Endovascular aneurysm repair (EVAR) is considered a lower risk option for treating abdominal aortic aneurysms and is of particular utility in patients with poor functional status who may be poor candidates for open repair. However, the specific contribution of preoperative functional status to EVAR outcomes remains poorly defined. We hypothesized that impaired functional status, based simply on the ability of patients to perform activities of daily living, is associated with worse outcomes after EVAR.Methods:
Patients undergoing nonemergent EVAR for abdominal aortic aneurysm between 2010 and 2014 were identified in the National Surgical Quality Improvement Program (NSQIP) database. The primary outcomes were 30-day mortality and major operative and systemic complications. Secondary outcomes were inpatient length of stay, need for reoperation, and discharge disposition. Using the NSQIP-defined preoperative functional status, patients were stratified as independent or dependent (either partial or totally dependent) and compared by univariate and multivariable analyses.Results:
Of 13,432 patients undergoing EVAR between 2010 and 2014, 13,043 were independent (97%) and 389 were dependent (3%) before surgery. Dependent patients were older and more frequently minorities; had higher rates of chronic pulmonary, heart, and kidney disease; and were more likely to have an American Society of Anesthesiologists score of 4 or 5. On multivariable analysis, preoperative dependent status was an independent risk factor for operative complications (odds ratio [OR], 3.1; 95% confidence interval [CI], 2.5-3.9), systemic complications (OR, 2.8; 95% CI, 2.0-3.9), and 30-day mortality (OR, 3.4; 95% CI, 2.1-5.6). Secondary outcomes were worse among dependent patients.Conclusions:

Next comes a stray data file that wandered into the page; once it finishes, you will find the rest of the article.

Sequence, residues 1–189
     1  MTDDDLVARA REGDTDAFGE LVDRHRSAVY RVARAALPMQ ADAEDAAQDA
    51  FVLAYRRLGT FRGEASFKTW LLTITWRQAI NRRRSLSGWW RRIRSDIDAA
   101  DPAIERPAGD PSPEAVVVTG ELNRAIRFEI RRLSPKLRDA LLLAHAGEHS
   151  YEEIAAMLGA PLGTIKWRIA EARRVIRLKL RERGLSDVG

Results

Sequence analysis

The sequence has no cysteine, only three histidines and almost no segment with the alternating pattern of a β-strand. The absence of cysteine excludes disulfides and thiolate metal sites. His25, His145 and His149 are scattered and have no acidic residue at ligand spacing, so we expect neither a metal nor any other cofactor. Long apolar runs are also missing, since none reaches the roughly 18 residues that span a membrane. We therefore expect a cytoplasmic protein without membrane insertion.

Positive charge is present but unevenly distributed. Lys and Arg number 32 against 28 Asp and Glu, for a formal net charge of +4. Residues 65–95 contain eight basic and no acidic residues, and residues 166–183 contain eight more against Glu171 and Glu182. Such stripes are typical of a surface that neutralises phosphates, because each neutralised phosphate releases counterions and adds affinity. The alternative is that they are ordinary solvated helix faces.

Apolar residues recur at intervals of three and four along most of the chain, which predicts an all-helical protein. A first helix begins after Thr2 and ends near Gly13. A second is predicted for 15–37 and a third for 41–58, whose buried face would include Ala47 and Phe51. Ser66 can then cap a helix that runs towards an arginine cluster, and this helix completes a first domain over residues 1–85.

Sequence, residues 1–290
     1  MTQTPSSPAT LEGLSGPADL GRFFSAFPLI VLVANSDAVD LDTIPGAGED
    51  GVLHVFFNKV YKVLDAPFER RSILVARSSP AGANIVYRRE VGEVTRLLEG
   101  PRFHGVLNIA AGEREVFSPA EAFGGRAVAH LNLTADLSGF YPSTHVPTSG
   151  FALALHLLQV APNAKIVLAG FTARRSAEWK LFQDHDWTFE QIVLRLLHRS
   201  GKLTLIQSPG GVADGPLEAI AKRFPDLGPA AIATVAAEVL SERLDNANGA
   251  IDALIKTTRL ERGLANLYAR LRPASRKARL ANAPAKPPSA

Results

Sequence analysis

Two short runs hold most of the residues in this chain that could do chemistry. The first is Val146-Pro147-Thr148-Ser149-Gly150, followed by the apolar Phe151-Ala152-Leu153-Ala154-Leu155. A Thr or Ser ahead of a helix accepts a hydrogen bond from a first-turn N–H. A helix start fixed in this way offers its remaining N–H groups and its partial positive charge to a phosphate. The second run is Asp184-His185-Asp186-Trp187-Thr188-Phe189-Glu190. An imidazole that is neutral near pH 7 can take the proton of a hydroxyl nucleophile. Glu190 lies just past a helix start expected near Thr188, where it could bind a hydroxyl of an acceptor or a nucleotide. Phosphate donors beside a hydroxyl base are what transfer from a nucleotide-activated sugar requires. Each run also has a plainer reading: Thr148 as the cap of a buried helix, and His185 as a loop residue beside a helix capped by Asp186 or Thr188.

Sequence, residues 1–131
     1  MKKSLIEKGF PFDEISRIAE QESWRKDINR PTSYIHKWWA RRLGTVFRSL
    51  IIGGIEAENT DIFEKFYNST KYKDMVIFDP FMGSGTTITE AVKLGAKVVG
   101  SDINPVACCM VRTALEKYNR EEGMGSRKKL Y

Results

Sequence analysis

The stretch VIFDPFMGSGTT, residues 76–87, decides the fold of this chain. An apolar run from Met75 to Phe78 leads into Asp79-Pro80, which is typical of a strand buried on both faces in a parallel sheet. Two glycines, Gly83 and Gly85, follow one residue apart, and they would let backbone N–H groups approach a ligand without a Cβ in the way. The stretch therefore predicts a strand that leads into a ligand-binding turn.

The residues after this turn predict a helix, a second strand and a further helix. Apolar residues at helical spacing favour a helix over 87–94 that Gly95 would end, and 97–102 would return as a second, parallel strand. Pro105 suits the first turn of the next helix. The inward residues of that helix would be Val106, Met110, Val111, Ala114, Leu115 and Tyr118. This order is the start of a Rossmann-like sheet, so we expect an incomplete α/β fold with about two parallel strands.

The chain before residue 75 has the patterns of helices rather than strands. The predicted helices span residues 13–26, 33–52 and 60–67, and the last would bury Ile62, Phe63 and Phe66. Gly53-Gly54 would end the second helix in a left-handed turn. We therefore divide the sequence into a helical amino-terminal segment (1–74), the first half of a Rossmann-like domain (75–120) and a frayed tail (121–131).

Although EVAR is a minimally invasive procedure with substantially less physiologic stress than in open aortic repair, preoperative functional status is a critical determinant of adverse outcomes after EVAR in spite of the minimally invasive nature of the procedure. Functional status, as measured by performance of activities of daily living, can be used as a valuable marker of increased perioperative risk and may identify patients who may benefit from preoperative conditioning and specialized perioperative care.